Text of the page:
If Christians are to be truly unified, they must be more candid about their differences, said Bishop Wendell Gibbs of the Episcopal Diocese of Michigan, who spoke during opening worship. "If Jesus and the Father were not honest with one another, they couldn't have been one," Gibbs said. "If you and I aren't honest with each other, we can't be one. Because I am a follower of Jesus Christ, I love each and every one of you. There may be some things I may not like, but I love you."
A mariachi band played traditional Mexican music during a New Year's Eve banquet, and Native American dancers performed during the event, which also was attended by ministerial students, graduate students, professors, campus ministers and chaplains. The first-night worship service reflected the culture of the conference venue, featuring Native American chants and drumming and a prayer from Bernard Duran, a member of the Picuris Pueblo tribe of New Mexico. "Let's all pray for the new year 2003 coming up," said Duran, who was accompanied by the drum group Southern Mix, which has members from several Native American tribes. "I hope ... we do not have to go to war."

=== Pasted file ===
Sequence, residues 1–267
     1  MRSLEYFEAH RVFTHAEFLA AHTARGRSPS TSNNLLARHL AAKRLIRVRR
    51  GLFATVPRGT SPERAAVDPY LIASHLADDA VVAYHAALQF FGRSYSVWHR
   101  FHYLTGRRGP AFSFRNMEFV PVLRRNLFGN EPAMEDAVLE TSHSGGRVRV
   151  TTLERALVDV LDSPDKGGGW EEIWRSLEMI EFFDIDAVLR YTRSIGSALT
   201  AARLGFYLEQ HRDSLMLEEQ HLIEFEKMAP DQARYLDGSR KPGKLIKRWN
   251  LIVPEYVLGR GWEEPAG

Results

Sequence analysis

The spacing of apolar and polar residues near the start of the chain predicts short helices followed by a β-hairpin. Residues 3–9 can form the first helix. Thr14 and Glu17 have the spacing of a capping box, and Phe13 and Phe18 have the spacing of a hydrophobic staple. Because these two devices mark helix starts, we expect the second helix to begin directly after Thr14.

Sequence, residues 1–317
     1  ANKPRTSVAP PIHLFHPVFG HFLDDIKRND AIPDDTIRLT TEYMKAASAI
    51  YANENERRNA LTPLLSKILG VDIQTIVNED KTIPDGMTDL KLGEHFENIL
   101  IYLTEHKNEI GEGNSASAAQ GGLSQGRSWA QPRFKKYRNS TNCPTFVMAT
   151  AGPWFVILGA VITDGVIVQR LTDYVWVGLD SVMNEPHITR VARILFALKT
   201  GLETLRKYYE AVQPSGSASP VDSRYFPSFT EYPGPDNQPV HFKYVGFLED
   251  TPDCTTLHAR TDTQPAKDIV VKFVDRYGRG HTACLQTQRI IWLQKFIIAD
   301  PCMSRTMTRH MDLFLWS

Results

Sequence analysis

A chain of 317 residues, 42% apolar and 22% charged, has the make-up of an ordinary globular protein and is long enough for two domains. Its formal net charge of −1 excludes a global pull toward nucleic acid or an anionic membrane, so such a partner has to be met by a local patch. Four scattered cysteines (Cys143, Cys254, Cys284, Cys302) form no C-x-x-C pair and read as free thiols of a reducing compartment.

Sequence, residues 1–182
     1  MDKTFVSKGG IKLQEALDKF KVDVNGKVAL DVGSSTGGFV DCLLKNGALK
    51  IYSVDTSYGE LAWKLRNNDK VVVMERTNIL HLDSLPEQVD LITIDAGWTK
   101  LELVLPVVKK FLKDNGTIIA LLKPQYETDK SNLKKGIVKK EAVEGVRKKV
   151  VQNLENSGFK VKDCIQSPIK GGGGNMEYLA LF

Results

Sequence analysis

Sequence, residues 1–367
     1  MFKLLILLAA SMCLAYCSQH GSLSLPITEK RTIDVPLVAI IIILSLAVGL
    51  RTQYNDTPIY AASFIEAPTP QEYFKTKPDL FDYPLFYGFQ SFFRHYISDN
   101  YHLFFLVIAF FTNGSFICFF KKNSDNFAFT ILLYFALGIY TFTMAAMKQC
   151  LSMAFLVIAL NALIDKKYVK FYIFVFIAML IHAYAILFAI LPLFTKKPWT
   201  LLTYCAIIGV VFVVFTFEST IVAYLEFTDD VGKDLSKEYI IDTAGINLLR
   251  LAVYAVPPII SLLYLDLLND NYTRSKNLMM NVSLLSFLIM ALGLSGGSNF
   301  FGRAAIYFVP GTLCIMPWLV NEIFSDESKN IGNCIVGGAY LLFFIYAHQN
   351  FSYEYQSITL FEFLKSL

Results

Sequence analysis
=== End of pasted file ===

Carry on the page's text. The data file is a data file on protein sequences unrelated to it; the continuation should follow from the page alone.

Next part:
Petition against war
Avoiding war was on the minds of one group of students that collected signatures on a petition opposing a U.S.-led attack on Iraq. About 200 participants also attended a brief outdoor candlelight vigil featuring prayers for peace and songs of hope.